The department is looking into whether Deutsche Bank broke foreign corruption or anti-money laundering laws through its work for 1MDB, which included helping the Malaysian fundraise $1.2 billion in 2014 as concern's about its management and financials had begun to circulate, The Wall Street Journal reported.
United States prosecutors are mainly looking into the role of Tan Boon-Kee, a colleague of a former Goldman Sachs Group Inc executive, Tim Leissner, who worked with him on 1MDB-related business, the paper said.
Deutsche Bank's work for 1MDB included helping to raise US$1.2 billion in 2014 as concerns about the fund's management and financials had begun to circulate, the newspaper said, citing unidentified people familiar with the matter.
A justice department civil asset-forfeiture complaint repeatedly describes Deutsche Bank as being misled by 1MDB officers, the WSJ said.
"Deutsche Bank has cooperated fully with all regulatory and law enforcement agencies that have made inquiries relating to 1MDB", a spokesman for the bank was quoted as saying.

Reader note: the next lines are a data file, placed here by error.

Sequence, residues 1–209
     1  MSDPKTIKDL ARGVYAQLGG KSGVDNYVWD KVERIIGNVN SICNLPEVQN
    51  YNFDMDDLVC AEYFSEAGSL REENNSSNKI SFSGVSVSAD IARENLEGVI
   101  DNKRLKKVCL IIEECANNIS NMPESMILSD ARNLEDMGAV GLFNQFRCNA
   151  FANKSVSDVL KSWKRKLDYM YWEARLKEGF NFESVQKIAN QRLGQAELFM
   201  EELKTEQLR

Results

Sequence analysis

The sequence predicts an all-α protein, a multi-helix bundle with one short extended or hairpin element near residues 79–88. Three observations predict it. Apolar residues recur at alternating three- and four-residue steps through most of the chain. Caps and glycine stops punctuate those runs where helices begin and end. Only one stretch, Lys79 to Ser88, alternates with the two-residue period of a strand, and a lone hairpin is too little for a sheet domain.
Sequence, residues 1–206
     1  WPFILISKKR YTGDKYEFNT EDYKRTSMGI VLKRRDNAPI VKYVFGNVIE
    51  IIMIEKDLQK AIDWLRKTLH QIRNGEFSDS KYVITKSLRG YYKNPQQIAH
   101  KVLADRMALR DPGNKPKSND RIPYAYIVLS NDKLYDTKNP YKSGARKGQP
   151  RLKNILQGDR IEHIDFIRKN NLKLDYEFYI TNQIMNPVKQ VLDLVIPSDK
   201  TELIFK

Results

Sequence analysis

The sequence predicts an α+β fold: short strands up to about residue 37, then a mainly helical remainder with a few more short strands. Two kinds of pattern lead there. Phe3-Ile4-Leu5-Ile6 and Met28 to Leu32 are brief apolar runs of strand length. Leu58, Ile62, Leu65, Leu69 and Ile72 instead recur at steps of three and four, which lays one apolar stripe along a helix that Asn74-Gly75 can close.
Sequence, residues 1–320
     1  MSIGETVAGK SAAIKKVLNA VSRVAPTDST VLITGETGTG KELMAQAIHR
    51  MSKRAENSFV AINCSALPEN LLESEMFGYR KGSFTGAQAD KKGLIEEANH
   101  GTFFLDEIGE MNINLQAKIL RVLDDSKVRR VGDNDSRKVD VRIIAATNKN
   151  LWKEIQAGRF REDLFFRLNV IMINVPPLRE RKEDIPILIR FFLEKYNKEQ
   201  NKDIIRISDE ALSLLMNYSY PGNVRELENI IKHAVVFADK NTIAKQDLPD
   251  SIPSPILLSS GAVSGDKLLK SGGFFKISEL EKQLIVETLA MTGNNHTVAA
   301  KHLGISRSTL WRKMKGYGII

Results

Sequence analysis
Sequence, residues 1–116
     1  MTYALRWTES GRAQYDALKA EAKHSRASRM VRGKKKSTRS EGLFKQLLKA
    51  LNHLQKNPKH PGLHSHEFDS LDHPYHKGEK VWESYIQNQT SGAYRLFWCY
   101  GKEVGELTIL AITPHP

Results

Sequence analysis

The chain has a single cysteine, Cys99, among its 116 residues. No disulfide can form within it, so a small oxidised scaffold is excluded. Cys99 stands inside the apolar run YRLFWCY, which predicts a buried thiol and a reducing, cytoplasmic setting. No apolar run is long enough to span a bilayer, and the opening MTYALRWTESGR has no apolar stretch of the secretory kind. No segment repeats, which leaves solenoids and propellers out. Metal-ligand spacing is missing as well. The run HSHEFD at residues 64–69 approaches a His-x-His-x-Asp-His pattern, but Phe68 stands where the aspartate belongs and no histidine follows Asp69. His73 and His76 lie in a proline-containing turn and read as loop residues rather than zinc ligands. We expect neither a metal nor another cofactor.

Probes into 1MDB have mainly focused on more than $6 billion the fund raised in 2012 and 2013 with help from Goldman Sachs, which reaped nearly $600 million in fees.
WSJ said the US Justice Department complaint stated Deutsche Bank's involvement with 1MDB dated back to 2009 in which the German bank was the facilitator for financial transfers for the Malaysian sovereign fund's first joint venture with PetroSaudi, then a little-known Swiss company. The bank has since portrayed Leissner as a rogue employee.
US Justice Department's Assistant Attorney General Brian Benczkowski, said, "We do anticipate getting into active discussions with Goldman, at this point, in the near future".
Leissner, Goldman's former head of Southeast Asia, pleaded guilty past year to the USA charges that he conspired to launder money and violated the Foreign Corrupt Practises Act. He declined to comment on other aspects of the 1MDB case.
The bank also announced Sunday it would make 18,000 job cuts by 2022 about one-fifth of its workforce as it seeks to escape years of turmoil and return to sustained profits.
Tan left Deutsche Bank a year ago after it was discovered she had been in contact with Jho Low, the Malaysian financier who allegedly played a central role in the fraud, according to the Journal. US prosecutors have portrayed Low as the mastermind behind the scandal surrounding 1MDB, though he has consistently denied wrongdoing. Goldman Sachs handled the deals, reaping nearly US$600 million in fees.